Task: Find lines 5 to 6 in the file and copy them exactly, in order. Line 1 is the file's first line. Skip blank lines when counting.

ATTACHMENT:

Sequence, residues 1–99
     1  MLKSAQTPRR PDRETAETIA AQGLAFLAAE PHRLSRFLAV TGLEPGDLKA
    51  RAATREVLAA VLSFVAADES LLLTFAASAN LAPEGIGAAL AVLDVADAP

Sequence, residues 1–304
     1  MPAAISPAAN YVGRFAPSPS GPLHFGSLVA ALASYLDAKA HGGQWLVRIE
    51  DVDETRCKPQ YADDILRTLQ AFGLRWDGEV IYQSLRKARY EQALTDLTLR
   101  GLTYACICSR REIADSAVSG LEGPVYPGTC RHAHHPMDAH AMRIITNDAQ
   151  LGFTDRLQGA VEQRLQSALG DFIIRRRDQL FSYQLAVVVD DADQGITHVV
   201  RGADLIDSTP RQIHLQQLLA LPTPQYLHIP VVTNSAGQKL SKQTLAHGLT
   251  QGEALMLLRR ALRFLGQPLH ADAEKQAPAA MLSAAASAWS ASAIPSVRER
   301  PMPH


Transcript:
     1  MPAAISPAAN YVGRFAPSPS GPLHFGSLVA ALASYLDAKA HGGQWLVRIE
    51  DVDETRCKPQ YADDILRTLQ AFGLRWDGEV IYQSLRKARY EQALTDLTLR